4 Tips every back sleeper needs to know

It’s really annoying when we wake up in the dead of the night with an urgent need to go to the bathroom, but can’t fall back asleep after doing that.
Photo credit: 1966 Magazine

If you wake up every morning flat on your back with legs outstretched and arms at your side? Congratulations, you’re doing the whole sleep thing right. You’re already sleeping in the healthiest position, but here are a few tips to get even more out of it.

See Also: 7 Foods that help you sleep better

Don’t sleep on an even plane

When you sleep on your back, your head should be slightly elevated, which prevents pain and discomfort caused by acid reflux. That way, your stomach is below your esophagus, meaning food and acid can’t creep back up toward your throat.

Eat smart before bed

While sleeping on your back does reduce acid reflux, indulging in heavy, fatty or acidic foods too close to bedtime is a bad idea regardless of how you’re sleeping. Try to leave two hours between the time you finish your last meal and when your head hits the pillow.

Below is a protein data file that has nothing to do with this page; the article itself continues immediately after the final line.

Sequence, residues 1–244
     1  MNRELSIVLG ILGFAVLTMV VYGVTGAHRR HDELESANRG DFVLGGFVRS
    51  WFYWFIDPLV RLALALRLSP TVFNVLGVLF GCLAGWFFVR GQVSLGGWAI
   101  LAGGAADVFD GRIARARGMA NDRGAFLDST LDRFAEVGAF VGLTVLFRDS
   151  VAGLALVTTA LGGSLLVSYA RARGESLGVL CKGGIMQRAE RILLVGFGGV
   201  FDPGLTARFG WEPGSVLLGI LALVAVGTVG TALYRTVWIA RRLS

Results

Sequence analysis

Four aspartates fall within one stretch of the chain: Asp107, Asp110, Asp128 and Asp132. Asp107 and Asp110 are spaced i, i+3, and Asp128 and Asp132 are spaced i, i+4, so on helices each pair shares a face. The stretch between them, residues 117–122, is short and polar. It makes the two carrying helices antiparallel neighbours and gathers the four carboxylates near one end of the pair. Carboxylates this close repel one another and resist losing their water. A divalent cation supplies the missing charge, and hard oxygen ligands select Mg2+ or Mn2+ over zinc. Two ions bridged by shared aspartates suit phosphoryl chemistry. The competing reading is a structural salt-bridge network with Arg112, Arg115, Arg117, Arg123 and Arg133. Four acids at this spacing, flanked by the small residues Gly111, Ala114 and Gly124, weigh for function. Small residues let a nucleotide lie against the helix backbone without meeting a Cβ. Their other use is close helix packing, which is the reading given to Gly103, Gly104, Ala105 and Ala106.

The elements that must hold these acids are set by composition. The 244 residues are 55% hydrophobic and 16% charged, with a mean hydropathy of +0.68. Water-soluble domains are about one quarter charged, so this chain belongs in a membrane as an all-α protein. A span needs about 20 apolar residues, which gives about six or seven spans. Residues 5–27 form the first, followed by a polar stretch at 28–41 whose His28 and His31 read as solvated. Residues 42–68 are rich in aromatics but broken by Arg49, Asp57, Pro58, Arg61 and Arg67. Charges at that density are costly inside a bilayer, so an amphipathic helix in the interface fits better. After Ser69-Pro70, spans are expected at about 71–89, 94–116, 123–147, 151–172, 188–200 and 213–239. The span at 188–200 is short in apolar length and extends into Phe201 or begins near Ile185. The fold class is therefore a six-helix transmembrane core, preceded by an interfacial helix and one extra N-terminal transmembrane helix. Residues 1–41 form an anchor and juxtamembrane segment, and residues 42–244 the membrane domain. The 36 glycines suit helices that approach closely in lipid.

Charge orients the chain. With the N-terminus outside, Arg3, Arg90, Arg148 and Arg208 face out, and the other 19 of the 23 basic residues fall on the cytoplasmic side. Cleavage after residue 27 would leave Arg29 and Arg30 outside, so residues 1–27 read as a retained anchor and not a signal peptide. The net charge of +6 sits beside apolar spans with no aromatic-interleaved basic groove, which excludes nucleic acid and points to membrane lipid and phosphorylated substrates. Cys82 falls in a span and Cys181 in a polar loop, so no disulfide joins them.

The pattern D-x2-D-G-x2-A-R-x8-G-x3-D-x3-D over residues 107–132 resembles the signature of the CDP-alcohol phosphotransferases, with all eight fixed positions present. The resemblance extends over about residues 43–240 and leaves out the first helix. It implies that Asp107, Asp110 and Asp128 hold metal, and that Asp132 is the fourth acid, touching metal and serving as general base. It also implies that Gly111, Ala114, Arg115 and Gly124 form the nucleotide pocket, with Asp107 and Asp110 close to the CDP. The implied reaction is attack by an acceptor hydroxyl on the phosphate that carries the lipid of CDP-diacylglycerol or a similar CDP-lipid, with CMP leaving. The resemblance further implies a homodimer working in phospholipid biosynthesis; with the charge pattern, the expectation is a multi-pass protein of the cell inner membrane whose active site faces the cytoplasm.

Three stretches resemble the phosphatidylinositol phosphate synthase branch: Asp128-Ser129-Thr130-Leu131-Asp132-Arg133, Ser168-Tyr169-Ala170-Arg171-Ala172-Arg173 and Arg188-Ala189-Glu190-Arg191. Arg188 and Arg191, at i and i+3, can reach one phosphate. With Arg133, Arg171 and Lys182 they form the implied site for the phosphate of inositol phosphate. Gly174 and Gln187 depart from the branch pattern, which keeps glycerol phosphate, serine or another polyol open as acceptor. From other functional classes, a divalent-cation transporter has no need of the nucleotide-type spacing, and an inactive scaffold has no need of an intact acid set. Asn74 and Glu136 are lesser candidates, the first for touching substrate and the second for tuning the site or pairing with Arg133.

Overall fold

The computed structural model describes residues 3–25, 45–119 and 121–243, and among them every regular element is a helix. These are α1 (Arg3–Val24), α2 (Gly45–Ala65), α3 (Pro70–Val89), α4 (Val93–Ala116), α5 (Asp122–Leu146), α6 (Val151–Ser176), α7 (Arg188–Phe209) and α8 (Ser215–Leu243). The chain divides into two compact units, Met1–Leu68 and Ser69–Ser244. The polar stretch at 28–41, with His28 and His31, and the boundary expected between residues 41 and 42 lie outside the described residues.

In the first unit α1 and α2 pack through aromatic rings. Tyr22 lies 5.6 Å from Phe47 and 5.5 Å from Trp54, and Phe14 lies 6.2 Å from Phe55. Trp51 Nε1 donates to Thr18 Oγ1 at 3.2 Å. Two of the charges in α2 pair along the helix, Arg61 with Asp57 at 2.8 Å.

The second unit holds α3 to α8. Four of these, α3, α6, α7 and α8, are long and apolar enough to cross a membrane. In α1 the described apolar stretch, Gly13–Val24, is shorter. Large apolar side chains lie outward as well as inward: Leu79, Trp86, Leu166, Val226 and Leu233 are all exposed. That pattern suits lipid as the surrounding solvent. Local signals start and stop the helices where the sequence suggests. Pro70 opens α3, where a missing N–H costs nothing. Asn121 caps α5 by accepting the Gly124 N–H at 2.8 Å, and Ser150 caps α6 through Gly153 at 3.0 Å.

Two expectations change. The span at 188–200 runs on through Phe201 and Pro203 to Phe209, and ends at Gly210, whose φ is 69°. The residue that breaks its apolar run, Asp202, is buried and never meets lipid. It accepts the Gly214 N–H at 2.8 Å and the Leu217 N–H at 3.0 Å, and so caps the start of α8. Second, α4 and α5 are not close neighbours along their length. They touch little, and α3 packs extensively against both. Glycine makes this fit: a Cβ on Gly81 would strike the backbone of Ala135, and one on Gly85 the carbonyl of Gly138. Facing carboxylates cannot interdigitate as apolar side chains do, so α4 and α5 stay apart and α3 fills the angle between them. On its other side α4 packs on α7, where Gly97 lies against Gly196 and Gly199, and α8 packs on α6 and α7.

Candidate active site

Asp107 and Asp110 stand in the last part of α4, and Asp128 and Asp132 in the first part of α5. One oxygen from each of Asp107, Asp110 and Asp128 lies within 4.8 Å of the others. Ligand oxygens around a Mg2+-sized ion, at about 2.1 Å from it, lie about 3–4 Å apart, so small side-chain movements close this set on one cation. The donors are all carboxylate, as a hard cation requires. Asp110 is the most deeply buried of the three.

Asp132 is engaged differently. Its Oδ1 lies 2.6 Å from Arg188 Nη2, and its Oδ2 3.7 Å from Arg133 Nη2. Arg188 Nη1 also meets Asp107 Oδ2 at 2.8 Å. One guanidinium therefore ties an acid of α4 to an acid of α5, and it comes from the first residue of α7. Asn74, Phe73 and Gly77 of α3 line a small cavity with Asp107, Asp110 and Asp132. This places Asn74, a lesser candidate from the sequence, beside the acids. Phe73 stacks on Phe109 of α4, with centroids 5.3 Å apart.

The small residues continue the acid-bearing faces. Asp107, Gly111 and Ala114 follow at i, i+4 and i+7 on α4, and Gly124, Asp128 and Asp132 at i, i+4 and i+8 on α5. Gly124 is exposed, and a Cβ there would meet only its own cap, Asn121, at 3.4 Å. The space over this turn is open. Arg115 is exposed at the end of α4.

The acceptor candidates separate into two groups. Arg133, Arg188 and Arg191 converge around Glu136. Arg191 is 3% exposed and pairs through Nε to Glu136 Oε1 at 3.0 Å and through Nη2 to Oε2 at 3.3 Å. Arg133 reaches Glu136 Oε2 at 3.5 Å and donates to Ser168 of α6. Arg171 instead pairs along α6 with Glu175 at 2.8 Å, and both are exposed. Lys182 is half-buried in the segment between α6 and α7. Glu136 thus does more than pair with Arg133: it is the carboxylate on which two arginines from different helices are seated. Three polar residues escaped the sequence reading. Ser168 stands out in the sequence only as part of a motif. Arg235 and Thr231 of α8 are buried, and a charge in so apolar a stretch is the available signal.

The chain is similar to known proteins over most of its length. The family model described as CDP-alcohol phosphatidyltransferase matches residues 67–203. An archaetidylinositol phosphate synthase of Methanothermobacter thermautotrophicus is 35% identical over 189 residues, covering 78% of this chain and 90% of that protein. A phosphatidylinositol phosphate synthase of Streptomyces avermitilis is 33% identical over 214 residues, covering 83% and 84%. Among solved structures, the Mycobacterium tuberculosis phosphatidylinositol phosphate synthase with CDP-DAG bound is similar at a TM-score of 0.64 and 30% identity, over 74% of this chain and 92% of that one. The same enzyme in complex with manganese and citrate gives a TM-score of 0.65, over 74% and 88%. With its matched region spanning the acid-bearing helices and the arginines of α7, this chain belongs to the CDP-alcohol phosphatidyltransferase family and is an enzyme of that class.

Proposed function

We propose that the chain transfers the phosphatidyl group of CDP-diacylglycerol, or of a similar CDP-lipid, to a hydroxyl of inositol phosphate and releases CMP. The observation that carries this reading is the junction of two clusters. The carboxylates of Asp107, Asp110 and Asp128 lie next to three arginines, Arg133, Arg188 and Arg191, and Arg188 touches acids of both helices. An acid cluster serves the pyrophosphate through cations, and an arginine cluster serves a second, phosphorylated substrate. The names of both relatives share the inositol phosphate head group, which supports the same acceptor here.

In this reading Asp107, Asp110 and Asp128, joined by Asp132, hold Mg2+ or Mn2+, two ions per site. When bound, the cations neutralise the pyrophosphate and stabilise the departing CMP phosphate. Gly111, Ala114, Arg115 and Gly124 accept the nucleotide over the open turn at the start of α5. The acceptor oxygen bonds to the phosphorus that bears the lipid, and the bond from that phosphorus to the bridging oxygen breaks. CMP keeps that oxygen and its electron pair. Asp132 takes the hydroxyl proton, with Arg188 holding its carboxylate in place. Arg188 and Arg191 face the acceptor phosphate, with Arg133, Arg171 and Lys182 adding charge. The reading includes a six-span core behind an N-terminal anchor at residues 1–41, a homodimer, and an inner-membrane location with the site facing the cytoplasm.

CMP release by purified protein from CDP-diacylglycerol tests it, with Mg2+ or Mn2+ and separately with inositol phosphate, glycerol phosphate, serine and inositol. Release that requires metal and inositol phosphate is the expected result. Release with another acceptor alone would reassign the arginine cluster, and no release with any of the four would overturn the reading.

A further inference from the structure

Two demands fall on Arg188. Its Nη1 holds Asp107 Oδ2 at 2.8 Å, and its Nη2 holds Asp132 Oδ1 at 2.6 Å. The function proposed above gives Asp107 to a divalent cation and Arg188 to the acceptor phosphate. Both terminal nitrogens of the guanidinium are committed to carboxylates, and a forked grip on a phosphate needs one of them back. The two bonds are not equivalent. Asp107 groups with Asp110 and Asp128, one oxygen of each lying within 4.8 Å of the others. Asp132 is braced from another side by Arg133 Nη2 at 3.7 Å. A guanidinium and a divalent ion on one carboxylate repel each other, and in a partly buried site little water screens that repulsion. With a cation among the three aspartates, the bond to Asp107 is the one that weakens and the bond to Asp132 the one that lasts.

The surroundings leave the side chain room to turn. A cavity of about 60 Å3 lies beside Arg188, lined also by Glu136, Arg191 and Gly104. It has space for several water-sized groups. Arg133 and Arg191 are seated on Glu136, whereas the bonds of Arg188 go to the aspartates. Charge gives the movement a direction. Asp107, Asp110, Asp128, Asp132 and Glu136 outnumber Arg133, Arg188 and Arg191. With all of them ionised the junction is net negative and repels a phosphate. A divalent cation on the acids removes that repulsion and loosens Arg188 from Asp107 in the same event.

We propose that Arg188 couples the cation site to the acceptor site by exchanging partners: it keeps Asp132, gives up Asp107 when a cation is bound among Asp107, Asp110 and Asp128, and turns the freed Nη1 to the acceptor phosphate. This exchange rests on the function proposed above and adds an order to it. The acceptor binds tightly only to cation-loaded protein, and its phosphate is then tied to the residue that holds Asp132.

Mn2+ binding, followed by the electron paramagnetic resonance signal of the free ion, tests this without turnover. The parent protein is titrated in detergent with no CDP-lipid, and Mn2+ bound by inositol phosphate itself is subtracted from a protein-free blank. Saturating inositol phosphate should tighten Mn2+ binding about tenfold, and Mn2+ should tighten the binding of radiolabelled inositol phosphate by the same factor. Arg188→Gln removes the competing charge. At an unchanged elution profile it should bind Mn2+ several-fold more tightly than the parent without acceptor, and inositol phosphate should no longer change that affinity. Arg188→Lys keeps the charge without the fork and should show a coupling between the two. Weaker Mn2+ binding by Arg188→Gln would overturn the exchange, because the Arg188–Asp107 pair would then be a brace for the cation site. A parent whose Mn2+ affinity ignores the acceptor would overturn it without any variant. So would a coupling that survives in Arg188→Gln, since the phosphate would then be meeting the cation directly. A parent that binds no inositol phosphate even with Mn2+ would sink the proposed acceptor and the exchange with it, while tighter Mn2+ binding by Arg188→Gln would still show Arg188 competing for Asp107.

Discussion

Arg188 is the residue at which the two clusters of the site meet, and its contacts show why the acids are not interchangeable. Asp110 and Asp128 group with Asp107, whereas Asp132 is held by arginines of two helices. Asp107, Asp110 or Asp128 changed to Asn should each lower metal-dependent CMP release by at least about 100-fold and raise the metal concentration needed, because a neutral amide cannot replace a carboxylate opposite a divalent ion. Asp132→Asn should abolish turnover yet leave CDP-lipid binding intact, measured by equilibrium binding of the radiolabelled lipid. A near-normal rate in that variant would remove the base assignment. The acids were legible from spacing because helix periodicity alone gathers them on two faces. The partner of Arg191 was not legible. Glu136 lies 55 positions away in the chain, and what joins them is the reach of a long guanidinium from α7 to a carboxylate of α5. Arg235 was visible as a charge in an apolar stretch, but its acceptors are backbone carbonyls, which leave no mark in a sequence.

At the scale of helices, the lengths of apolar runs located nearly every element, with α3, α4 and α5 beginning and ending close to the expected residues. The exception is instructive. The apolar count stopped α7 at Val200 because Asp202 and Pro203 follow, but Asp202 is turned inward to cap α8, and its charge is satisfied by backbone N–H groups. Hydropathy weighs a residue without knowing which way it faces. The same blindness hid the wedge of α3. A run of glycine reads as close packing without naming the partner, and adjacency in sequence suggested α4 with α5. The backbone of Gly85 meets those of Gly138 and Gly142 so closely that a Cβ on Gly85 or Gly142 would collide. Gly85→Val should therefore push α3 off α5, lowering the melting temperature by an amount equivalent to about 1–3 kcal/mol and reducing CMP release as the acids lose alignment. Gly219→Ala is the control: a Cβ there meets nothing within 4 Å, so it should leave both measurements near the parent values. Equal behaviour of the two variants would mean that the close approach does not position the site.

See Also: 5 Simple yoga poses that help you sleep better

Invest in a mattress cover

When you sleep on your back, it’s important that each of your body’s pressure points is supported equally. A mattress with random lumps or soft spots will cause aches and pains. Look for a model that’s firm all over. Or, if a brand-new mattress isn’t in the cards, a solid mattress topper (which you can buy for about $65) will more than suffice.

Put a pillow under your knees

Despite its benefits, sleeping on your back can put stress on your spine and lower back. Put a pillow under your legs to reduce the pressure and wake up rested and pain-free.



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